Kraft Heinz CEO Miguel Patricio has said the ketchup and soup giant needs to makes changes to the way it innovates after a “frenzy” of product development proved unsuccessful.

Speaking to analysts after the US group announced its third-quarter results, Patricio said the company needed to move “innovation support to fewer, bigger, better initiatives, launches that promise to be more incremental to our base”.

The former Anheuser-Busch InBev executive said: “The company has been on a frenzy of innovation in the last two to three years and trying, through launching new products, to compensate the decline in net sales. We really have not been successful on that.”

He added: “We brought a lot of complexity to the system but this innovation was not translated into additional sales. It was very cannibalistic and brought much more complexity and, as a consequence, a lot of supply chain losses and lower margins. Much of this innovation was done through third-party manufacturers.”

Patricio, the former chief marketing officer at beer behemoth AB InBev, joined Kraft Heinz in July. Predecessor Bernardo Hees left in the wake of a shock announcement from the company in February that included a US$15bn write-down on certain assets.

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In August, Kraft Heinz reported falling half-year sales and profits – and another round of impairment charges – with market watchers remaining unsure about the company’s future direction.

Patricio plans to unveil his strategy for Kraft Heinz early next year but yesterday (31 October) he told analysts the company had started to work on ways to try to improve its performance and grow.

“We are developing nine transformational projects that touch the core areas of our company to improve our capabilities and make us a more efficient company. Our teams are making rapid progress understanding root causes, defining what needs to be done and already taking some actions that will benefit 2020,” Patricio said.

“The nine projects currently underway include five projects focused on top-line, two projects focused on operational efficiencies and two projects focused on organisational effectiveness.”

Among Kraft Heinz’s early work, the company has identified products it can prune from its portfolio in the US. “Based on our work to date, we see scope to rationalise a significant portion of the SKUs in our US business and with minimal impact on profits,” Patricio said.

“When I arrived and with fresh eyes, I asked the obvious questions and one of them is: ‘Let me understand profitability by SKU, let me understand volume by SKU.’ There’s a big tail of SKUs that have a negative margin or are not important at all, [are] very, very small, or both. That can just generate a lot of complexity in the system. And so we are going to reduce this.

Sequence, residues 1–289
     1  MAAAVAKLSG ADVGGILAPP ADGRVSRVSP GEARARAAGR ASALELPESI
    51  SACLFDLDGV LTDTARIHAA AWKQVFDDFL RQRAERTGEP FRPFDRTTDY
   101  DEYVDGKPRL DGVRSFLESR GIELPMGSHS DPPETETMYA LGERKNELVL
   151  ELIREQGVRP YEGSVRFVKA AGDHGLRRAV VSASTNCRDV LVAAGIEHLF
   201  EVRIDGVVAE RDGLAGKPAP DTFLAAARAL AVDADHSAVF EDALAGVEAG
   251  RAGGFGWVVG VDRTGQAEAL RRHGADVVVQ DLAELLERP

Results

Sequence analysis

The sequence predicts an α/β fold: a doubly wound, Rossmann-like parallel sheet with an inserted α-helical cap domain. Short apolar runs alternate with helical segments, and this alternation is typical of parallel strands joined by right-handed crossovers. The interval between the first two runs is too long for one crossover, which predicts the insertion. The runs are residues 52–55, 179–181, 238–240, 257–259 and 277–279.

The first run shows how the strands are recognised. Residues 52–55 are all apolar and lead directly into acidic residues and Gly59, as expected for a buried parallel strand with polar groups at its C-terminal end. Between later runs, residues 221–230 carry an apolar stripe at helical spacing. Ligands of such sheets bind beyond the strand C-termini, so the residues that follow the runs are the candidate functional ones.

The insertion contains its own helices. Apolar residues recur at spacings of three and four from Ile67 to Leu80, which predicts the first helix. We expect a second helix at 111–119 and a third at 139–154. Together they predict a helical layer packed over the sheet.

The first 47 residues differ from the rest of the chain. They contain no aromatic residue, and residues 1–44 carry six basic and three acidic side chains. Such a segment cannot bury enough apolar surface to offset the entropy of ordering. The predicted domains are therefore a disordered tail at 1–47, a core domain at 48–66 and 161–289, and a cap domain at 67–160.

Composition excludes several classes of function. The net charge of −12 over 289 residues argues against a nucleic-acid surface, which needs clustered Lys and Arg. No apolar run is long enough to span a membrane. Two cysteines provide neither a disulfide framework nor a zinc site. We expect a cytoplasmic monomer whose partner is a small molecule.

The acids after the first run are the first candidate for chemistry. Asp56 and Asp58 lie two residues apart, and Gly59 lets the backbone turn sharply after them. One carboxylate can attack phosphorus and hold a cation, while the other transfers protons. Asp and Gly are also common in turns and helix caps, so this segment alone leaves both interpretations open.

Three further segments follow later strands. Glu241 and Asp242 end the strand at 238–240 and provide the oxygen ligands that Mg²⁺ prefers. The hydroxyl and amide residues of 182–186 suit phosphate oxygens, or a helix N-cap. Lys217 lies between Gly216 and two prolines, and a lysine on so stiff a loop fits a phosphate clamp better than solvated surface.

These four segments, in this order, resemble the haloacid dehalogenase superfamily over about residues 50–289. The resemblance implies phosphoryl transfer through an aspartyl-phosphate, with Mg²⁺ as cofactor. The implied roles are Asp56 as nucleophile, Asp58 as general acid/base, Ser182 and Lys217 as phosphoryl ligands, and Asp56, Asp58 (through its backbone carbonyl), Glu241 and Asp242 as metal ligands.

“At the same time that we innovate and we put new products in the market we have to have the discipline to clean the tail of low-margin, negative-margin or are low volume, very low volume.”

The Kraft Heinz chief said innovation is a “capability” the company needs to improve and one he is “very focused on”.

He added: “It is a big driver for growth for the future, has to be, especially in the food industry. We have to do bigger innovation. We have to do fewer innovations. We have to do bolder innovation. We have to do profitable innovation and it has to be incremental.”

Since the formation of Kraft Heinz in 2015, the practice of zero-based budgeting as been central to its strategy of driving improved profitability and therefore shareholder returns. However, critics of zero-based budgeting have argued it hinders a company’s ability to grow sales.

Patricio said zero-based budgeting was also used at AB InBev and he believed in its benefits.

“I love ZBB. I really do,” he said. “In my previous company, I worked for 22 years and I learned to love ZBB – but for one reason: because ZBB was a big lever or made it possible to grow the business throughout the year. So when I look at ZBB, I look at it as a discipline to make things every day better, so we can free-up resources to invest in other products. I don’t look at ZBB as a way to basically cut costs and cut costs. I see it as a way to do things better every day and the consequence of that is to be more efficient and to free-up resources to invest in the business.”

In Kraft Heinz’s third quarter, which ran to 28 September, the company’s net sales fell 4.8% to $6.08bn, weighed down by asset disposals and exchange rates. On an organic basis, net sales dropped 1.1%.

The company’s operating income rose 9.8% to $1.18bn. Net income was 45.4% higher at $899m.

Sanford Bernstein analyst Alexia Howard said: “Given all the disappointing news earlier this year and low valuation, this set of results is likely to be favourably received. These results suggest that we may be seeing some stabilisation of the EBITDA margin and top line. This is likely to be encouraging news for investors worried that this was a falling knife situation, particularly in the US. From here, all eyes will now turn to the company’s strategic plan to be unveiled in early 2020.”